I was amused last week to see a TV reporter state that ". . . computerized weather radar showed that there were severe thunderstorms approaching the airport just as the aircraft landed . . ." She was reporting the image, not the weather itself. Wouldn't it have made more sense to have said that the plane landed moments before a terrible storm engulfed the airport?
This apparent shift of reality goes beyond TV though. I have observed flight instructors walk up to a weather terminal and call up the most recent radar image, and decide not to fly a lesson . . . even though the sky outside showed no sign of impending weather. I have watched trusted friends dial the automated weather station and listen to its computer-generated voice for wind information, rather than walk out the door and look at the wind sock.
I like wind socks. They do a good job of describing the wind that has set them into motion. In their most basic function, they show the direction of the wind because they are mounted on a frame that is supported by bearings. As the strength of the wind increases, it gradually inflates and extends the sock. Below five MPH, the sock stays bent enough to have kinks in it, but the kinks are about gone by the time a 10 MPH breeze softly fills it. A sock fully inflates at about 15 and becomes rigid above 20 MPH.
The sock also speaks plainly about the consistency of the wind. A sock which stands like a photograph, rarely showing a change in strength or direction, says that there is not likely that the pilot will have to perform a juggling act as he makes his way down the runway preparing to land. A sock which twitches like a cat's tail as it stalks a mouse says that the wind direction and strength changes more rapidly than the whole sock can respond to quickly enough. Only the tail has the flexibility to react to these quick changes, and it appears to move separately from the rest of the sock.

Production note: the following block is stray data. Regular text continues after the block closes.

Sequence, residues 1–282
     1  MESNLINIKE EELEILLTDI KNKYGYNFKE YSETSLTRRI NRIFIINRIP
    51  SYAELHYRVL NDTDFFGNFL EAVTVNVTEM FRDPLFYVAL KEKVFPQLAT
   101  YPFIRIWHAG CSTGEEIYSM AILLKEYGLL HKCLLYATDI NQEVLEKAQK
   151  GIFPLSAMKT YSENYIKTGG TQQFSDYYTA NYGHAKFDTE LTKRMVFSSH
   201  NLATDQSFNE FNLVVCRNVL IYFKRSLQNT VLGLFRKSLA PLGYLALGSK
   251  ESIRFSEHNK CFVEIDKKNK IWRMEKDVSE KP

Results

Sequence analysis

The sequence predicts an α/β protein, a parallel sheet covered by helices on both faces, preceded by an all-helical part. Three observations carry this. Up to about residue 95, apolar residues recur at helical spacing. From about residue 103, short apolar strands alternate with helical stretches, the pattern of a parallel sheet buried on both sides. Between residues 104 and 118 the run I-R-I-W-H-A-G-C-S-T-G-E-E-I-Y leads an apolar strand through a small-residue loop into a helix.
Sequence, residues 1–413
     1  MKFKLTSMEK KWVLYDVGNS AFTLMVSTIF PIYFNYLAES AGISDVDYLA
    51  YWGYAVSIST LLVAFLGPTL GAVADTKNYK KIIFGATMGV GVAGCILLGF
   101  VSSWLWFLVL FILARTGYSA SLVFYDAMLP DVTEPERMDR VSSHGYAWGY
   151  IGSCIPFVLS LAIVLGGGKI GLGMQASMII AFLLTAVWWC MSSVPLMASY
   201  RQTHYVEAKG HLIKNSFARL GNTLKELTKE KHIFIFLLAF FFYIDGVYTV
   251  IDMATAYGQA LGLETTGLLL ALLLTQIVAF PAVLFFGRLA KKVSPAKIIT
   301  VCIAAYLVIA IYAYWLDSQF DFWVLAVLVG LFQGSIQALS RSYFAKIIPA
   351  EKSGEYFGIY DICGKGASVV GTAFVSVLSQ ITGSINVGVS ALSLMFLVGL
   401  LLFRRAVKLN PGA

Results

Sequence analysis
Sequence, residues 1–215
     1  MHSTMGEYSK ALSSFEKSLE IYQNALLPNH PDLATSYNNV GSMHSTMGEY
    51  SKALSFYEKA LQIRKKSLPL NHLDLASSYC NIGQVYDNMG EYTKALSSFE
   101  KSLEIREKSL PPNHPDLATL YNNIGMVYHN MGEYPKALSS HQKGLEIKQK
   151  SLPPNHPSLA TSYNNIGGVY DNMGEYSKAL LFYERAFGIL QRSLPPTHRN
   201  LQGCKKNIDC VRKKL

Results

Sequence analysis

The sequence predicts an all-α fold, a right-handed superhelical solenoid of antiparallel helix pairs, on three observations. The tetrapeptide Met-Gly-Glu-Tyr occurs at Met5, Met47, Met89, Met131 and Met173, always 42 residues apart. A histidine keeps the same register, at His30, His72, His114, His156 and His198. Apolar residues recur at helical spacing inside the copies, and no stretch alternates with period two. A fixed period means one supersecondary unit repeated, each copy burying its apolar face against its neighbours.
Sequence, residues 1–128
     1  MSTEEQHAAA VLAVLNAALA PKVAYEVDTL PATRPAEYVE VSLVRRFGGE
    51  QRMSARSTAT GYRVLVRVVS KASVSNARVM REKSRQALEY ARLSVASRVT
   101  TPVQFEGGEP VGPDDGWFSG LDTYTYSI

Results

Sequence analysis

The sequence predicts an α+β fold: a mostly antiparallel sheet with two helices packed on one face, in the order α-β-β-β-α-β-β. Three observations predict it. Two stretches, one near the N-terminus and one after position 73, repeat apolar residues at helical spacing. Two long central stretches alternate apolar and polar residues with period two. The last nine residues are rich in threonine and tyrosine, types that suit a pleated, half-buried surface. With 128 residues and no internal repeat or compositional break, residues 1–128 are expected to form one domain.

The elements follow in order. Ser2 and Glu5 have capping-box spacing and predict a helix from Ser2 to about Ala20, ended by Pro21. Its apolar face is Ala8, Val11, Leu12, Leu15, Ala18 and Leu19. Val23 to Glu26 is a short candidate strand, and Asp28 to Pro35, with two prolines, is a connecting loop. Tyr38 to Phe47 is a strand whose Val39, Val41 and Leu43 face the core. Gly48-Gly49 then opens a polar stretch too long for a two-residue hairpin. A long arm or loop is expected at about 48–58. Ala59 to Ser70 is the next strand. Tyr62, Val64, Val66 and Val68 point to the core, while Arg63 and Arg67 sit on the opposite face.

As technology marches on, the lowly wind sock becomes more and more of a bargain. A hundred dollar frame will last almost forever, and a thirty dollar sock will easily last a year. They are cheap enough to scatter around a large airport, and that is what is often done, even still. Often, there is a there are socks near the ends of each of the runways. On days with a twitchy wind, each windsock will show a different wind strength and direction.
Wind information comes to the pilot in many forms. As students build their proficiency with the airplane, I point out the wind socks to them as they near the runway. I also point out the motion of nearby trees, waves in long grass or cropland, ripples and lees on ponds, and the cats-paw marks of wind bursts on larger bodies of water.
Wind information also comes to the pilot by radio, but is of little practical value because it describes wind conditions that exist several minutes prior to landing, and at a location that is other than the landing area. I tell students to discount what the radio tells them and look at the sock prior to touchdown, but only for rough information.
The only wind that matters is the wind that actually exists in the landing area as the airplane skims over the runway, lands, and rolls out. All the perceptions and radio reports prior to that moment are only trends and expectations, the moments of landing are the reality. There is still nothing that can replace the perceptions and reactions of the human brain when our marvelous mechanical creations must negotiate the interface between technology and the real world.
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